Home Assistant integrates nicely with these discounted LIFX bulbs

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LIFX bulbs are a great alternative to the Zigbee equivalents from Philips, Gledopto, and the likes. Instead of relying on a hub, LIFX bulbs connect directly to your Wi-Fi access point and integrate with Home Assistant using local polling. What that means for you is that Home Assistant doesn't need to reach out to any cloud service just to turn a light on or off. It all happens locally, making the integration much quicker and useable while your internet is down.

It isn't just the fact that LIFX uses Wi-Fi that differentiates them from other bulbs. They offer unique and interesting designs, as well as some unique functionality I have so far not seen in any other bulb. For Black Friday, a number of LIFX bulbs are up to 40% off. Get them while they last.

LIFX Color A19 for indoor use

The LIFX Color A19 (1100 lumens) is suitable for indoor usage and houses RGBW LEDs, which are capable of producing 550 billion possible colour steps as well as an impressive white range of 1500-9000K. Its industrial design ensures that it illuminates a room evenly, and it also makes the LIFX bulbs installation in exposed fixtures possible.

Next, the LIFX Color A19 (800 lumens), also has a unique, dome-like design among the run off the mill smart bulbs. It produces the same colours and white range as its brighter brethren, albeit at a lower brightness, and also has the same >0.5W power draw at idle.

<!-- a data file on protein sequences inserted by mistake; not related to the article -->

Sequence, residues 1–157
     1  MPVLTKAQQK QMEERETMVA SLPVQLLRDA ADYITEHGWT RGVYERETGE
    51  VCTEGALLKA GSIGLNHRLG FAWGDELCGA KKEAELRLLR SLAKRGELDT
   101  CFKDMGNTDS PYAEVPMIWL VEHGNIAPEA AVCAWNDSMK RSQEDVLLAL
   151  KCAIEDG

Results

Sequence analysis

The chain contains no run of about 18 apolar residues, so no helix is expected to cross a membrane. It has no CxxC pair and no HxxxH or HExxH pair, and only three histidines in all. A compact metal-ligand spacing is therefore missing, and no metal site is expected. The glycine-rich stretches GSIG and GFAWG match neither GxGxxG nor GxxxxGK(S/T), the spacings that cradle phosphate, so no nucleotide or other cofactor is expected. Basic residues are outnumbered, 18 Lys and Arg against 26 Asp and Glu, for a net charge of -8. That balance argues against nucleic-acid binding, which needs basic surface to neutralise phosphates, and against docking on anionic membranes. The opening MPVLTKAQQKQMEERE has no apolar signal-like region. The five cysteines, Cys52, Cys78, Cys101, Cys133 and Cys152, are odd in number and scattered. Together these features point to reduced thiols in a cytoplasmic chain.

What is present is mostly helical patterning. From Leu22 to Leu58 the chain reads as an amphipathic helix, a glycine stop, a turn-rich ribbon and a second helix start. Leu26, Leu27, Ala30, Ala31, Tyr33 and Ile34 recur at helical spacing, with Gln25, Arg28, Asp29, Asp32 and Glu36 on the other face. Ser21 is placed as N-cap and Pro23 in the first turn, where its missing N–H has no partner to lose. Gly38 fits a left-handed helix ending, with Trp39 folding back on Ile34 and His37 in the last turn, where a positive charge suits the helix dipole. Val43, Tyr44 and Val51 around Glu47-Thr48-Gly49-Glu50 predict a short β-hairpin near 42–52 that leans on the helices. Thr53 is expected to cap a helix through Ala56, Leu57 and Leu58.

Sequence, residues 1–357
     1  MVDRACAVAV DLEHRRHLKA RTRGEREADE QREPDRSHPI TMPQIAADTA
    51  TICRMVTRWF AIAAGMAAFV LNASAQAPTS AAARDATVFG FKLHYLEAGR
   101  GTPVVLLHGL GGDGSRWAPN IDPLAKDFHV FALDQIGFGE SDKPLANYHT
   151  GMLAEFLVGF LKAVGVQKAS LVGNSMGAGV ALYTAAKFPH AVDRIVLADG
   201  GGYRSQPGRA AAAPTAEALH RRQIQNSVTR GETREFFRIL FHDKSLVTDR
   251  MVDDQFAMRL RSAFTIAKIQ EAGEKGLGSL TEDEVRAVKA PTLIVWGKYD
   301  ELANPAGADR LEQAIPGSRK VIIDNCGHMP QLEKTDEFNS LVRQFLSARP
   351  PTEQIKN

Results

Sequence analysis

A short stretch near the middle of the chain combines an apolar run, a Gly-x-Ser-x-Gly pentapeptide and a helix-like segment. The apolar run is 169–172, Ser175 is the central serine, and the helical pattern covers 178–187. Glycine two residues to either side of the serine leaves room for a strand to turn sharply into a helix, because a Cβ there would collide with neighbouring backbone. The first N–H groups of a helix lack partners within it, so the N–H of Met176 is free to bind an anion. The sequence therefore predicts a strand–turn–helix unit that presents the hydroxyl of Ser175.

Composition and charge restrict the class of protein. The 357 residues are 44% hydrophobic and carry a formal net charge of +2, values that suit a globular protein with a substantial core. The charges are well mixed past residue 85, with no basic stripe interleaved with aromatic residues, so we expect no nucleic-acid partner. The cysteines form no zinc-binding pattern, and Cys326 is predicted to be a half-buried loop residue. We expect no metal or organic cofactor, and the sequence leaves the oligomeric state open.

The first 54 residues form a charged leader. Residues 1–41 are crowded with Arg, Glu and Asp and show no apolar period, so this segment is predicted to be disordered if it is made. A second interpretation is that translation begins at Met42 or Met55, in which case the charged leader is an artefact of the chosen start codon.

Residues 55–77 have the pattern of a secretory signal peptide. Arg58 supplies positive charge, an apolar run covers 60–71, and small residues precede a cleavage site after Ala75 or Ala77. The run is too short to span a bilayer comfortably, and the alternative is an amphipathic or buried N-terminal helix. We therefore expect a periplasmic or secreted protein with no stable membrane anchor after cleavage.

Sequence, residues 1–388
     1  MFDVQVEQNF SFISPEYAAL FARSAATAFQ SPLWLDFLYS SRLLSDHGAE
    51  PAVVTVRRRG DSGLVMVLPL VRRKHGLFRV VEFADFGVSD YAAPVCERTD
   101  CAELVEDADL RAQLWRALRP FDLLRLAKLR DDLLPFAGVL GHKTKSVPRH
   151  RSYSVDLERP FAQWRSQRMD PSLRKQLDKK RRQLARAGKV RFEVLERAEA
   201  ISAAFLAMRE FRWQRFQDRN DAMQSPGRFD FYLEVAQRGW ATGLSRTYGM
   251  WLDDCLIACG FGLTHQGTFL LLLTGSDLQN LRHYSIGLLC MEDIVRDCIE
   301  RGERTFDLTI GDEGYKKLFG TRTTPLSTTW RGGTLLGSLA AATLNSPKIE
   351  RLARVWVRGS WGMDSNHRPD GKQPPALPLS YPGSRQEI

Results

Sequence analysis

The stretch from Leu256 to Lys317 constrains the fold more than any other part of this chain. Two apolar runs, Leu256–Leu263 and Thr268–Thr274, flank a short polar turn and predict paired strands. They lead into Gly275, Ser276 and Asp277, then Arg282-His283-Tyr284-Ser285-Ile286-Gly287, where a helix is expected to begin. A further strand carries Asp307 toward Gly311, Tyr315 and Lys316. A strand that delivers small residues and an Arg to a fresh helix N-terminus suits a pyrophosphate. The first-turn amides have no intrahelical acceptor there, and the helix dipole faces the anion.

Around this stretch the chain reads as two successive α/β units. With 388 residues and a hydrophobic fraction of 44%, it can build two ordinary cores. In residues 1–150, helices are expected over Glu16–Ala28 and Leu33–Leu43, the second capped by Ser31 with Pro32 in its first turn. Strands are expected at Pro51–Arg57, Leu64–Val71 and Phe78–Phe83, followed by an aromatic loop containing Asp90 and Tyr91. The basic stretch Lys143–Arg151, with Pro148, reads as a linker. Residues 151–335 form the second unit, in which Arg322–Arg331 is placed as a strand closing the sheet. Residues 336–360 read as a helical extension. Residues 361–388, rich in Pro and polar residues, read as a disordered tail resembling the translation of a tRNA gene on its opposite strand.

An outdoor LIFX bulb and one that cleans your bathroom

The LIFX Colour BR30 is suited for both indoor and outdoor usage. It can survive temperatures all the way down to -30 °C (-22 °F) and is IP65 weatherproof rated. On the other end of the spectrum, the LIFX BR30 will survive temperatures of up to 40 °C (104 °F). It features the same bright RGBW LEDs featured on the A19 bulbs.

Perhaps even more interesting than an IP-rated smart bulb is the LIFX Clean A19. As the name suggests, it can clean your kitchen or bathroom. Besides the RGBW LEDs found in all LIFX bulbs mentioned in this article, it has High Energy Visible (HEV) LEDs. The HEV LEDs will harm bacteria, but not your skin or pets. Threeindependentstudies have shown that this sort of light will actually do what LIFX claims.

However, while the HEV LEDs aren't dangerous like UV lights, they haven't been studied nearly as much. And so far, the studies that have been done have focussed on bacteria, not viruses. In a surprisingly consumer-friendly statement, LIFX explicitly stats that “no claim is currently being made that the product is effective in an antiviral capacity of any kind, including on [COVID-19].” If you are not quite sure whether you should trust this bulb or not, I recommend this extensive and well-researched article by The Verge.

About Liam Alexander Colman

is an experienced Home Assistant user who has been utilizing the platform for a variety of projects over an extended period. His journey began with a Raspberry Pi, which quickly grew to three Raspberry Pis and eventually a full-fledged server. Liam's current operating system of choice is Unraid, with Home Assistant comfortably running in a Docker container.
With a deep understanding of the intricacies of Home Assistant, Liam has an impressive setup, consisting of various Zigbee devices, and seamless integrations with existing products such as his Android TV box. For those interested in learning more about Liam's experience with Home Assistant, he shares his insights on how he first started using the platform and his subsequent journey.

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